The highs and lows of life as a single parent over two decades are captured in this affecting documentary from the UK


Source: CPH:DOX


Dir: Victoria Mapplebeck. UK. 2024. 91mins

Being pregnant for the first time can feel like dropping a bomb onto your life, even at the best of times. For London-based director Victoria Mapplebeck, the shifts were seismic and profound after she found herself skint, single and pregnant at the age of thirty-eight. Realising that freelance directing was no longer a viable career, she quit television. But she continued filming, turning first her DVCAM, then five generations of smartphones, onto her life with her son, Jim.

 A candid, unsentimental, perceptive and, at times, profoundly moving portrait of the highs and lows of motherhood

Shot over nearly two decades, this is a candid, unsentimental, perceptive and, at times, profoundly moving portrait of the highs and lows of motherhood. It’s an impressive achievement, not least for the fact that Mapplebeck (who won a Bafta for her 2019 smartphone-shot short Missed Call) manages to coax something more than grunts out of her son, even during the militantly uncooperative adolescent years.

There is something deeply affecting about watching a child take shape over time, as demonstrated by the cultural impact of the Seven Up television series and Richard Linklater’s Boyhood. Part of the considerable appeal of Motherboard is the fact that we get to know Jim, a quirky, funny, articulate kid who, over the course of the film’s 90-minute running time, grows into a creative and likeable young adult. But what makes the film so distinctive and relatable is the dual focus on both the child and the parent; a parent who is prompted to examine her tricky relationship with her own largely absent father.

The audience might not have shared all of Mapplebeck’s experiences as a single mother weathering a breast cancer diagnosis, a pandemic, her child’s depression and the eventual wrenching realisation that she is no longer the centre of her son’s world, but it’s hard to imagine that any parent would watch the film without a twinge of recognition. And this universality of themes, plus Mapplebeck’s impressively light touch as filmmaker/subject, could make this a title of interest for documentary specialist distributors.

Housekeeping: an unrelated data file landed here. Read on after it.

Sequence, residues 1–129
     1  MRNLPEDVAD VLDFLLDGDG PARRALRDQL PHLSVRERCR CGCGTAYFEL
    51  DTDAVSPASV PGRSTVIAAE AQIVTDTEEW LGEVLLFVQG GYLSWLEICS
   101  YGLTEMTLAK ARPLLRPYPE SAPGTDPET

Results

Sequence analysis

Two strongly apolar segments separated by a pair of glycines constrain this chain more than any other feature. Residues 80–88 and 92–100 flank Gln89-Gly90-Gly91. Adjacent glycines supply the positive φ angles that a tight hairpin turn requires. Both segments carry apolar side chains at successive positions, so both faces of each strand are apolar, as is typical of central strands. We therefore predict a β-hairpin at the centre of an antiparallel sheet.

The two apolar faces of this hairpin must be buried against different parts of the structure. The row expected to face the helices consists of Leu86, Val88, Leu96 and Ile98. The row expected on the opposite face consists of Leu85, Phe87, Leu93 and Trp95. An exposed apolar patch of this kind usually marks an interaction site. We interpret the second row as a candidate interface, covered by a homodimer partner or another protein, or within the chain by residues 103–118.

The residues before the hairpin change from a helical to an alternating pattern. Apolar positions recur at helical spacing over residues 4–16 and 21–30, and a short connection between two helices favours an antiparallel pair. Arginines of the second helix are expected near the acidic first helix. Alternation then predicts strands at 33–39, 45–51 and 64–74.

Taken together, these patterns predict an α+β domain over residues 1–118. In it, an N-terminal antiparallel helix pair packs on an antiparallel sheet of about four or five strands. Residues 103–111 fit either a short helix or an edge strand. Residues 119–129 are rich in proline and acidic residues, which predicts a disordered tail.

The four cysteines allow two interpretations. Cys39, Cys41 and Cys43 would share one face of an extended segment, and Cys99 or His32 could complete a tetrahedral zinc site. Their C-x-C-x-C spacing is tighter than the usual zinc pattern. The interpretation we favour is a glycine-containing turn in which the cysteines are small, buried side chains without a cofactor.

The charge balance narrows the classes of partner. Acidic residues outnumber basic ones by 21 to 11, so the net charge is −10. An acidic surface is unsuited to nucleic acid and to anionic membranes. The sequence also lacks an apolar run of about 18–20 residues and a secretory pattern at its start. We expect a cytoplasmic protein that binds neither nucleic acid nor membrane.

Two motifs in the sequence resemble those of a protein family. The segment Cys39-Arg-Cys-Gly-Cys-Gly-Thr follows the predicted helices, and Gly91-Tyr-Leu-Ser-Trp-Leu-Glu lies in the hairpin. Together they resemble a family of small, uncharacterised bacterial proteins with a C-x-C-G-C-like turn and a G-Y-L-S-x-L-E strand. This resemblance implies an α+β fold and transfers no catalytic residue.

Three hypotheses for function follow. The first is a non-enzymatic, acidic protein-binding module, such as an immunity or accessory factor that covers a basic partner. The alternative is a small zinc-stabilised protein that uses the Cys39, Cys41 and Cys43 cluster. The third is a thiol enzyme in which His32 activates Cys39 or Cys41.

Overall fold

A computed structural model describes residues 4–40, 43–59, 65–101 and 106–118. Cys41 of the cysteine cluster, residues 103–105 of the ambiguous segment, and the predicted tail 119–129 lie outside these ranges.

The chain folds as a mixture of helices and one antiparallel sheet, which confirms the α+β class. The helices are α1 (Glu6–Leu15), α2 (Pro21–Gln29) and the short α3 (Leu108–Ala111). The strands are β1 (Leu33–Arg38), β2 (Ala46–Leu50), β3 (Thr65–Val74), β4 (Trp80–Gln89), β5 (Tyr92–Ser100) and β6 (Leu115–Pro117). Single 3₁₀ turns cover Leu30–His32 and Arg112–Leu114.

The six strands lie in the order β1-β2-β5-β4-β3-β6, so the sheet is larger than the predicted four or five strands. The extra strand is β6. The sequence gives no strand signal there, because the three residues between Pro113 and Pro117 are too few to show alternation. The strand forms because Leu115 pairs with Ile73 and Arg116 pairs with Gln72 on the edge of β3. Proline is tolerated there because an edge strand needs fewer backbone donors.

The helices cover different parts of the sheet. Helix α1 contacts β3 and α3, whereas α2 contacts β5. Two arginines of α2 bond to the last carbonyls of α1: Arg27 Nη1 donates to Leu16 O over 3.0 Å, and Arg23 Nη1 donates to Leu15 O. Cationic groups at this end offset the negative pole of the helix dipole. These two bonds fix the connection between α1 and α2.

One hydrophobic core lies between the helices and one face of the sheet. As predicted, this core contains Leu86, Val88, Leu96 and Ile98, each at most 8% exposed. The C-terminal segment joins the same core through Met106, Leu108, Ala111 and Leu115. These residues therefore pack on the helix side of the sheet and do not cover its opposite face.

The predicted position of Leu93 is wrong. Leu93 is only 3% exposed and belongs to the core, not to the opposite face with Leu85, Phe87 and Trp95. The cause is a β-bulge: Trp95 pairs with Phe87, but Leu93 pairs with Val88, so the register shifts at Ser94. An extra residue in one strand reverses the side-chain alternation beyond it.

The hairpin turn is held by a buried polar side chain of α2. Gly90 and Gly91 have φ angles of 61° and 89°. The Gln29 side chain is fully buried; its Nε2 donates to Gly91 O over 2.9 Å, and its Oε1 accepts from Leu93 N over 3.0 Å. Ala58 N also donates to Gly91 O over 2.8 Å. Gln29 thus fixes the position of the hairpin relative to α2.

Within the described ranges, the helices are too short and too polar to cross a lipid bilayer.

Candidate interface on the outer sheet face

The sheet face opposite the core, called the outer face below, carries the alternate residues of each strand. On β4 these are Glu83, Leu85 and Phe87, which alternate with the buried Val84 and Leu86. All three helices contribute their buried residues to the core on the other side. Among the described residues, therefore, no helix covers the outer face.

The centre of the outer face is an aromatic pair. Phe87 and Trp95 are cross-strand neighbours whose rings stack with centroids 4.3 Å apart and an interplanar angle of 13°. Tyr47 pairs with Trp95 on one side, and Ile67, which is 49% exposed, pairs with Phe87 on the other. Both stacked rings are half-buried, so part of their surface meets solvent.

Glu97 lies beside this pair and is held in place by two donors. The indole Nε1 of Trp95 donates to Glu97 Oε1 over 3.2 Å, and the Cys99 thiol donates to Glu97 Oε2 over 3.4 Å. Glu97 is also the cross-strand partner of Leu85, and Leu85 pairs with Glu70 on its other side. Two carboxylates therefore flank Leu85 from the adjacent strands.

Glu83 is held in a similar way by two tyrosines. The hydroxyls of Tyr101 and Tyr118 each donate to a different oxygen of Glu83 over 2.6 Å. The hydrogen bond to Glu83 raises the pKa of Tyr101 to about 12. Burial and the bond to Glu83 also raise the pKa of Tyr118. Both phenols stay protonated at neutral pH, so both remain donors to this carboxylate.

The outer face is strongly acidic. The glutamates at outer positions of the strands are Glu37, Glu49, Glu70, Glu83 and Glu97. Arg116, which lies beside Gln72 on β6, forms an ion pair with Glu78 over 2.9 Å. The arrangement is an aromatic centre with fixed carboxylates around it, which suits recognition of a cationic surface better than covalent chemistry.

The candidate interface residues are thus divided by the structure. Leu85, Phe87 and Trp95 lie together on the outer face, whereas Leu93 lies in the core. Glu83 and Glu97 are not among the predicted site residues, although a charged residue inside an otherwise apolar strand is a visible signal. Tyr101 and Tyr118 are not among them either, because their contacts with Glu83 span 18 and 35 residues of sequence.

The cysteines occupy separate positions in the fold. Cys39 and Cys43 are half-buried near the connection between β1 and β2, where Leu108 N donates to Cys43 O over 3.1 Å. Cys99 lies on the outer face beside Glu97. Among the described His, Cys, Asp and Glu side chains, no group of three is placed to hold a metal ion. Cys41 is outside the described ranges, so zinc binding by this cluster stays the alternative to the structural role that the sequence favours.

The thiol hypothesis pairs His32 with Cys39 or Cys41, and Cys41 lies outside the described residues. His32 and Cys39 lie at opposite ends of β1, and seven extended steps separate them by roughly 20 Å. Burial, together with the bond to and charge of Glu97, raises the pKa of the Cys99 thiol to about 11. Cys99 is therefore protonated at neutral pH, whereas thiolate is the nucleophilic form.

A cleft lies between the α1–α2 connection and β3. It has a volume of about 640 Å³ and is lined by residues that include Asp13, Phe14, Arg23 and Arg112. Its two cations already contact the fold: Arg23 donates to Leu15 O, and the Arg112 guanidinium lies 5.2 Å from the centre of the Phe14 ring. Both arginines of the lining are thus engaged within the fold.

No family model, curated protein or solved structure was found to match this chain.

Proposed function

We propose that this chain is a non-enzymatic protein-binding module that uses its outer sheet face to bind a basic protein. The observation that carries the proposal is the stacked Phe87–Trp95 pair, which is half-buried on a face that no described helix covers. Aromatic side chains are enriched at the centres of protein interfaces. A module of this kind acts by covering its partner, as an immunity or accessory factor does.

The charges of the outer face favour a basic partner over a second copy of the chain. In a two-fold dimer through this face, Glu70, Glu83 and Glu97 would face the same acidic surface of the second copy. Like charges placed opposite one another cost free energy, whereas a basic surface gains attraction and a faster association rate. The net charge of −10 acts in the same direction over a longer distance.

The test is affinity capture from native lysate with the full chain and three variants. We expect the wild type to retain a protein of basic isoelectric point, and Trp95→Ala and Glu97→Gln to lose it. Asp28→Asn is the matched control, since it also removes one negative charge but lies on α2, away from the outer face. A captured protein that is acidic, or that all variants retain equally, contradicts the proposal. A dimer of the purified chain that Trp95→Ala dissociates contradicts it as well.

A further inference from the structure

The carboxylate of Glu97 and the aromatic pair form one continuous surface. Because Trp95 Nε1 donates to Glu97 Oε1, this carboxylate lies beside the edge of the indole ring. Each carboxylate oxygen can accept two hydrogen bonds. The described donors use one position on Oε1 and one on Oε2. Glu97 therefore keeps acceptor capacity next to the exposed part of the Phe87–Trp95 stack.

It’s tempting, when describing the picture, to focus on the rocky patches and the disasters navigated. But, in fact, this is a film with humour at its heart from the outset. Mapplebeck, in a dry voiceover, acknowledges the absurdity of embarking on the journey of parenthood with a man with whom she had been on a total of four dates. Jim’s father, diplomatically unnamed in the film, is more of an absence than a presence throughout, but Jim has sporadic, largely unsatisfying contact after he decides as a teenager that he wants to get to know his dad.

For the most part, it’s up to Mapplebeck to do double duty, filling the role of both mother and father for her growing son. Through an extraordinary wealth of footage, dating from the first ultrasound scan onwards, we see the fun they had together, the songs sung, the holidays shared as well as trickier moments.

One of the more notable aspects of the film is the fact that Mapplebeck was organised enough to be present and effective as a parent, while also keeping track of the vast cache of material that she had shot over the years. The other takeaway is the courage that Mapplebeck brings to the project with her decision to keep shooting even after her diagnosis with cancer cast doubt on her future, both as a mother and as a filmmaker. But then, as she explains in the film, one way of achieving a deeper understanding of life and the stuff it throws at you – even cancer  – is to look at it through a lens.

Production company: First Person Films

International sales: Autlook Filmsales

Producer: Victoria Mapplebeck

Cinematography: Victoria Mapplebeck

Editing: Oli Bauer, Victoria Mapplebeck

Music: Jamie Perera